This paper supplies quantitative data on the hind- and forelimb musculature of common chimpanzees (Pan troglodytes) and calculates maximum joint moments of force as a contribution to a better understanding of the differences between chimpanzee and human locomotion. We dissected three chimpanzees, and recorded muscle mass, fascicle length, and physiological cross-sectional area (PCSA). We also obtained flexion/extension moment arms of the major muscles about the limb joints. We find that in the hindlimb, chimpanzees possess longer fascicles in most muscles but smaller PCSAs than are predicted for humans of equal body mass, suggesting that the adaptive emphasis in chimpanzees is on joint mobility at the expense of tension production. In common chimpanzee bipedalism, both hips and knees are significantly more flexed than in humans, necessitating muscles capable of exerting larger moments at the joints for the same ground force. However, we find that when subject to the same stresses, chimpanzee hindlimb muscles provide far smaller moments at the joints than humans, particularly the quadriceps and plantar flexors. In contrast, all forelimb muscle masses, fascicle lengths, and PCSAs are smaller in humans than in chimpanzees, reflecting the use of the forelimbs in chimpanzee, but not human, locomotion. When subject to the same stresses, chimpanzee forelimb muscles provide larger moments at the joints than humans, presumably because of the demands on the forelimbs during locomotion. These differences in muscle architecture and function help to explain why chimpanzees are restricted in their ability to walk, and particularly to run bipedally.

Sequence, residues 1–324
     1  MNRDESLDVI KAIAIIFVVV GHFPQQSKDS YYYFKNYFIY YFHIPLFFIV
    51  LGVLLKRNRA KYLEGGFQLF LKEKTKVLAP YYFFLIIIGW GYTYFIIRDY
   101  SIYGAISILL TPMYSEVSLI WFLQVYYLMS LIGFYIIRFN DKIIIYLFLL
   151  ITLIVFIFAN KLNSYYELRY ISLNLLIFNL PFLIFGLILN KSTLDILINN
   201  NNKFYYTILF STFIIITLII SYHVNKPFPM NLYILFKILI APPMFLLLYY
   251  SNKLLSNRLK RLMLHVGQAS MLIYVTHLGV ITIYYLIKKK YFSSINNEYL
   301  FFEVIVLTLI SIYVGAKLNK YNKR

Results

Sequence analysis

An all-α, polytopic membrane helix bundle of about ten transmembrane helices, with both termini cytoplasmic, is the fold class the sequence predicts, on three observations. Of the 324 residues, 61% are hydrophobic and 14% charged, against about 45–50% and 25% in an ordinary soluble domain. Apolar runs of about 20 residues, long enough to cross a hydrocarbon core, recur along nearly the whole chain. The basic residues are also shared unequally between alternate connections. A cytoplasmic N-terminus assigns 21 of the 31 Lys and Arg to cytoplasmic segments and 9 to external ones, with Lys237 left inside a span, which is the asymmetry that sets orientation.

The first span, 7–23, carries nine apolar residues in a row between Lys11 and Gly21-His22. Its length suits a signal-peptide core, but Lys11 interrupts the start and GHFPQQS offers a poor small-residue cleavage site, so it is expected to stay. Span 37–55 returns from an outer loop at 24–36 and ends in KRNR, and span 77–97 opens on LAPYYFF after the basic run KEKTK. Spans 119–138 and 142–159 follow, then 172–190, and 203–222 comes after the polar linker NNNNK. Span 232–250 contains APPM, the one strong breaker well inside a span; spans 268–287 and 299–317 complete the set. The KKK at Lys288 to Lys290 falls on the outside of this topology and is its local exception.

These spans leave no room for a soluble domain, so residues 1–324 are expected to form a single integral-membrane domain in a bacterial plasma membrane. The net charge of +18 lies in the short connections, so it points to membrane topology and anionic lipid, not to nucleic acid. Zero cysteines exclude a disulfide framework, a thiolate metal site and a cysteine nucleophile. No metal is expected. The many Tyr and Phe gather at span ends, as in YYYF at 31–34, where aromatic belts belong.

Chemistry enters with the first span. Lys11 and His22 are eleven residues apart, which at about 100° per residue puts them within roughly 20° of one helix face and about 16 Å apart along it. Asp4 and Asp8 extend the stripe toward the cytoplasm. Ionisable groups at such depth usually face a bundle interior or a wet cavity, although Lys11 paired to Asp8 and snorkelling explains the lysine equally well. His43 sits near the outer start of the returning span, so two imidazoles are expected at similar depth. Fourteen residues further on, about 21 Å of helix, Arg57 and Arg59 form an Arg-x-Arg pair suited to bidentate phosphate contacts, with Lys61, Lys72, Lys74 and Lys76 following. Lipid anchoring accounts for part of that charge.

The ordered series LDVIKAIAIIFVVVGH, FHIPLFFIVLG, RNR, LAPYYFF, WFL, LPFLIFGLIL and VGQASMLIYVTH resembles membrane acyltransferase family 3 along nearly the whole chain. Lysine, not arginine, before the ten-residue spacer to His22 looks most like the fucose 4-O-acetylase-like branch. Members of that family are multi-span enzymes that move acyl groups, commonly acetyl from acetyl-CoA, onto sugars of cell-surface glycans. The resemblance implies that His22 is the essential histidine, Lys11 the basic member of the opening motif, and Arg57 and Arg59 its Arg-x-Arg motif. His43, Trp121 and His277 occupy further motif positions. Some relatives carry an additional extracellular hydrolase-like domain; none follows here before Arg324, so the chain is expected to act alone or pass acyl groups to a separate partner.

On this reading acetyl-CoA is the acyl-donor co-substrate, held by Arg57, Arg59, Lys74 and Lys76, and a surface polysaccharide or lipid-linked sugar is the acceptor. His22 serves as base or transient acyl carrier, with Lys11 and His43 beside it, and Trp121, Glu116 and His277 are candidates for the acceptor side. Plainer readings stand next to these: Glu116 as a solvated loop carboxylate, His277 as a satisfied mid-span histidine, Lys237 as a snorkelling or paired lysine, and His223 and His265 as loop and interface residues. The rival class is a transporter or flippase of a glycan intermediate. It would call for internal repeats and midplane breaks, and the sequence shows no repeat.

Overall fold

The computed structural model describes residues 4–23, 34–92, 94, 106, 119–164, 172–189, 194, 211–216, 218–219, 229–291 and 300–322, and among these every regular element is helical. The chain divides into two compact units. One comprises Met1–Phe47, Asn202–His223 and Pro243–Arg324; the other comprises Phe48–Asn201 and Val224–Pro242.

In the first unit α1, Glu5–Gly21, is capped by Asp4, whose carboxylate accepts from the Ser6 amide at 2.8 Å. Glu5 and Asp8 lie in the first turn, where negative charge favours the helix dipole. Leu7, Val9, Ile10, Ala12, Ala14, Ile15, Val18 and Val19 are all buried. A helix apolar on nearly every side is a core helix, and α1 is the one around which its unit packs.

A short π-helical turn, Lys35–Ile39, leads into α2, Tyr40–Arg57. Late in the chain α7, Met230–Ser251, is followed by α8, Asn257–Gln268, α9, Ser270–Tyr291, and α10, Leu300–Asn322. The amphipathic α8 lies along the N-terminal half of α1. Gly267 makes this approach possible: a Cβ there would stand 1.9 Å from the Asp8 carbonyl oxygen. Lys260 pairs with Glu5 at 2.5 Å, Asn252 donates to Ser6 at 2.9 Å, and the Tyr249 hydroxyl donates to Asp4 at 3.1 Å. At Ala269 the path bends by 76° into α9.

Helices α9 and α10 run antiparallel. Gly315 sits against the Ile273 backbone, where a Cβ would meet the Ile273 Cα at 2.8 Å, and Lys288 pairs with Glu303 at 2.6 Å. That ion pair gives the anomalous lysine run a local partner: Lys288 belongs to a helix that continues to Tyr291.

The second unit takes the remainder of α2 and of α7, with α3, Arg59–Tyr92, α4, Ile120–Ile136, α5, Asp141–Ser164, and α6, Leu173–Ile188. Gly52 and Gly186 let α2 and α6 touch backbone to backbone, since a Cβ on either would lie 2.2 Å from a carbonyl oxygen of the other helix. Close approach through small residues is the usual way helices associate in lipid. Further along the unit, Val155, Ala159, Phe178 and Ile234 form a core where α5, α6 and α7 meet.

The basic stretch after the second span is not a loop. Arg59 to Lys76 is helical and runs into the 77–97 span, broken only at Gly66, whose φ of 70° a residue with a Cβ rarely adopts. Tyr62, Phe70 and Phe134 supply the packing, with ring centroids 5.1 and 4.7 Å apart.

Copyright 1999 Wiley-Liss, Inc.